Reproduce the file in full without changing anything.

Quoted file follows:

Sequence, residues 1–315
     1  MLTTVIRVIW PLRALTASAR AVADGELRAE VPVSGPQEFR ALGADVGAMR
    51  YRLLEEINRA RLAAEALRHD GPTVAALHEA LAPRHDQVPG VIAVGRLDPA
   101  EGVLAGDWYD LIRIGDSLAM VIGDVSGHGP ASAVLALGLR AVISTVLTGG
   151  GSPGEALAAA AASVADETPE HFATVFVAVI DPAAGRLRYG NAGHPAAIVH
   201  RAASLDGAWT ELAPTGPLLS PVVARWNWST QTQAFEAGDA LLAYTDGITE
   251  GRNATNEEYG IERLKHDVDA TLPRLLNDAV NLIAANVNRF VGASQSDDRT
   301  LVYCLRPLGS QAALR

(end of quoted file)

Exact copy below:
Sequence, residues 1–315
     1  MLTTVIRVIW PLRALTASAR AVADGELRAE VPVSGPQEFR ALGADVGAMR
    51  YRLLEEINRA RLAAEALRHD GPTVAALHEA LAPRHDQVPG VIAVGRLDPA
   101  EGVLAGDWYD LIRIGDSLAM VIGDVSGHGP ASAVLALGLR AVISTVLTGG
   151  GSPGEALAAA AASVADETPE HFATVFVAVI DPAAGRLRYG NAGHPAAIVH
   201  RAASLDGAWT ELAPTGPLLS PVVARWNWST QTQAFEAGDA LLAYTDGITE
   251  GRNATNEEYG IERLKHDVDA TLPRLLNDAV NLIAANVNRF VGASQSDDRT
   301  LVYCLRPLGS QAALR